BUT, I had over 55 hours of work this week, and a number of family commitments. The Revolutionary War game that I started needed too much research for the lack of time I had. And Color and Setting just don’t excite me {shrug}.

In any case. I did it. I finished a game in all of 27 hours from initial concept to submission, actually. Next stop: 2 weeks of reviewing other folks’ games.

EDIT: Here’s a link to the PDF. I feel like my rough draft is showing!

Frustrated

It’s Game Chef week. It’s also one of those weeks rife with overtime. I started a sketch of a game called Give Me Liberty… but the amount of research to do it right is prohibitive in a week when I have no time. And the more time that passes since Saturday morning (when I came up with the idea) the less thrilled I am with it. It’s frustrating.

On Monday night, Kat & Michele & I talked about what we want out of our gaming. I didn’t quite identify it then, but I realized this morning that my absolute favorite part of gaming is the act of making things up. Two of my favorite games of all-time are The Extraordinary Adventures of Baron Munchausen and Once Upon a Time… I consider prep a bug rather than a feature because I come to the table to make stuff up. Even playing with something I made up last week is less fun than making stuff up RIGHT NOW.

It’s the same way with game design. Clinton and Vincent are talking about their high and low points of the design process. My high point is that span of time when ideas for the game are just jumping into my head. Sure, half of them will get thrown out, but just coming up with the ideas is the fun part.

But coming up with ideas doesn’t make a published game. Refining those ideas into something fun, playable, and understandable by others does. Maybe my Game Chef game should be about the act of making stuff up. Maybe I’ve only got four more days (minus lots of work and overtime) to start fresh.

It’s frustrating.

My Assumptions of Game Design

Maybe I’m floundering from idea to idea and need to re-affirm my focus. Maybe I’m trying to get myself psyched up for next week’s Game Chef Competition, which I just might enter. Maybe the winds of March are just blowing me some clarity.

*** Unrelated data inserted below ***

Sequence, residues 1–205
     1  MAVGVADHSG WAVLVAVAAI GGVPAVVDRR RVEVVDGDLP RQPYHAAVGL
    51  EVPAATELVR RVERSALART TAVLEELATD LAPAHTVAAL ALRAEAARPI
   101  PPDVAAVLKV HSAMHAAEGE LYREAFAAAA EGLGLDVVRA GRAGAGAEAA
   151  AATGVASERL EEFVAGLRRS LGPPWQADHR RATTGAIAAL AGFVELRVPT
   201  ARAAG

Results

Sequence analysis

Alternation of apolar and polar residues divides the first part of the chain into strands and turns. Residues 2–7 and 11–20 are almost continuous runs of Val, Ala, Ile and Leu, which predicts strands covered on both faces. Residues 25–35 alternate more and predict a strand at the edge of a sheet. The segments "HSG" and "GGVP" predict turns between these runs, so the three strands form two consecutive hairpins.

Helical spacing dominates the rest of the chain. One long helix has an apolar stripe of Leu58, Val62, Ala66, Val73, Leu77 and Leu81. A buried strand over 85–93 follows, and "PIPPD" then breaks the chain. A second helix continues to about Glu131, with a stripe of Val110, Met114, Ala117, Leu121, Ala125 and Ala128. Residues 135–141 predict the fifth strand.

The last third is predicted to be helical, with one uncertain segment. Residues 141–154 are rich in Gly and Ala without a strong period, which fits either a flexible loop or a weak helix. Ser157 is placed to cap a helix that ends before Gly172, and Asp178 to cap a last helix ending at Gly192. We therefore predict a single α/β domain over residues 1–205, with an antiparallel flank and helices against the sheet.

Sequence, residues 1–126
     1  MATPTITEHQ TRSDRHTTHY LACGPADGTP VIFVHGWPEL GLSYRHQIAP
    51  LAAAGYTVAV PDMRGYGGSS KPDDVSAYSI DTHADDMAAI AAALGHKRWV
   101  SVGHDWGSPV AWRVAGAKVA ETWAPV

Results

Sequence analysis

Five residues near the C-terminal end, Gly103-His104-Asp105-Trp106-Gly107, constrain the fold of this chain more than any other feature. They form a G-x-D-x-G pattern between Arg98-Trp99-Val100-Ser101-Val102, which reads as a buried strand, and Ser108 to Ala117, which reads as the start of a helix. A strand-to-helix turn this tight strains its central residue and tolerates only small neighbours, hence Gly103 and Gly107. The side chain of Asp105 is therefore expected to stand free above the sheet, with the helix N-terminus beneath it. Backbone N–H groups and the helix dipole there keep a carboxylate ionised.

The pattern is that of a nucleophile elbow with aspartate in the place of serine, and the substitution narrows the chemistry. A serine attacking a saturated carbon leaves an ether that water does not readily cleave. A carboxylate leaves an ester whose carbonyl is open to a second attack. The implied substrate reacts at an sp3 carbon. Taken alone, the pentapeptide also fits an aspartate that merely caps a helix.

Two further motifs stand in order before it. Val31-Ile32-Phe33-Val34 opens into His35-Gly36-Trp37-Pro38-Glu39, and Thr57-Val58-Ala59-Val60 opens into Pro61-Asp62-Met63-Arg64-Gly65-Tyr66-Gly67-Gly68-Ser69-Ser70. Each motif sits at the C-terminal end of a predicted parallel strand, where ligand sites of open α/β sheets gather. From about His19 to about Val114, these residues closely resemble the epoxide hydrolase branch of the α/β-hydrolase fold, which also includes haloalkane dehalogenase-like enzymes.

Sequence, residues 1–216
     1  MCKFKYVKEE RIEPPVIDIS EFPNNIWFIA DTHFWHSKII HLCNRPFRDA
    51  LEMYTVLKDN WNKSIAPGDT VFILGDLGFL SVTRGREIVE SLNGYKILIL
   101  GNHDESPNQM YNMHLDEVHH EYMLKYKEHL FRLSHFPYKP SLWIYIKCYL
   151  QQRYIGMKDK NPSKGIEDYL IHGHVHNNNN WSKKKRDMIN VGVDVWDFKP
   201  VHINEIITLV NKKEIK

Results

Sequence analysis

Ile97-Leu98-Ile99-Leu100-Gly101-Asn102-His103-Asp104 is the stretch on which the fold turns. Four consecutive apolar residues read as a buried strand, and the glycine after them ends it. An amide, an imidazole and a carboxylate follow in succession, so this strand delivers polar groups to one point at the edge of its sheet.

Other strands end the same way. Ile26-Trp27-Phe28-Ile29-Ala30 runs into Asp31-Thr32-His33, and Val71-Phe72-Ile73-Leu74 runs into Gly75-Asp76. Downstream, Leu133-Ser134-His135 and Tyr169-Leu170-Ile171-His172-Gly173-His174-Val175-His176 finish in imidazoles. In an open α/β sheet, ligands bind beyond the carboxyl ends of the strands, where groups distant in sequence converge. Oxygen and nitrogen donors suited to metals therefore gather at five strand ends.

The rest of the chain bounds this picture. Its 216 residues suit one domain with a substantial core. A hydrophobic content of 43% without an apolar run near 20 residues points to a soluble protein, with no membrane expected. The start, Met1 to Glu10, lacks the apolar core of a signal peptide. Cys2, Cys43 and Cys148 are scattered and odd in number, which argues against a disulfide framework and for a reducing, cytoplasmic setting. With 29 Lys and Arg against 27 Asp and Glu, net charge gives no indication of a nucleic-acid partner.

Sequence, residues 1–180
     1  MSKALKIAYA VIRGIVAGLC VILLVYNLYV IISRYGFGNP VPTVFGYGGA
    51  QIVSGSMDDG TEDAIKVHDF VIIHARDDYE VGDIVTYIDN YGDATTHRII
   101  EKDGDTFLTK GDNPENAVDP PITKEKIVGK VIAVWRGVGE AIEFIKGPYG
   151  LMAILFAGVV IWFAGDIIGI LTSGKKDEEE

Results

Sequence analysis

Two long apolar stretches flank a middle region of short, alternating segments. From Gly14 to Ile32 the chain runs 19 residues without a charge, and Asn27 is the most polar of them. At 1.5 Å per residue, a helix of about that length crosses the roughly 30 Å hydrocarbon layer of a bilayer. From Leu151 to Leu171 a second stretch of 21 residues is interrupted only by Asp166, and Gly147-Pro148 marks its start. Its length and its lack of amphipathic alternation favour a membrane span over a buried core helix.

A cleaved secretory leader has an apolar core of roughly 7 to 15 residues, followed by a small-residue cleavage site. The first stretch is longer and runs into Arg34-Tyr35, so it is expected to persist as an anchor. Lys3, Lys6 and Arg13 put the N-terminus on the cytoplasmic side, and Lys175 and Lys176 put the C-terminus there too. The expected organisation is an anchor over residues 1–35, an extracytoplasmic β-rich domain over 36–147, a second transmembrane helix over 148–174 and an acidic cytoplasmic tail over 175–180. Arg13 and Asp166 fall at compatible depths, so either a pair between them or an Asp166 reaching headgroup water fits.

Whatever the reason, I’ve been thinking about the assumptions I bring to the table when I design a game. This is not as sweeping as Jared’s I-System Manifesto, but more like a collection of Keith’s This I Believes, except less-Polish and less-Angry.

A well-designed game should promote more fun and cooler stories than unstructured play. Otherwise, why do we design? Call it my rephrasing of “System Does Matter.”

The more engaged the players are, the more fun the game will be. Gaming runs on enthusiasm, and a game must help (dare I say “force”) the players to become enthusiastic about their own play.

If you make it up, you will care. RPGs thrive on creativity. When the game invites, encourages, and celebrates the creativity of the players, they will become engaged–that’s why they sat down at the table.

Activity spawns engagement. The more ways for each player to contribute to the game, the more they will be engaged. Taking turns is a great organizational tool, but there should be opportunity for fun/play/creativity even when it isn’t your turn. If you’re sitting at the table, you should be doing something.

Decision spawns engagement. When a player is forced to make a decision, with clear understanding of his options and the consequences of them, he must engage with the game. Randomness has its place, but decisions are the important moments of the game that will be remembered.

Preparation for play is a bug, not a feature. My life is busy. So is everyone else’s. When I set aside time to game, I want to play, not be forced to set aside additional time to prepare to play. It adds to the time-cost of the game and makes it less likely that it will be played. Preparatory tasks should be brought into gameplay whenever possible.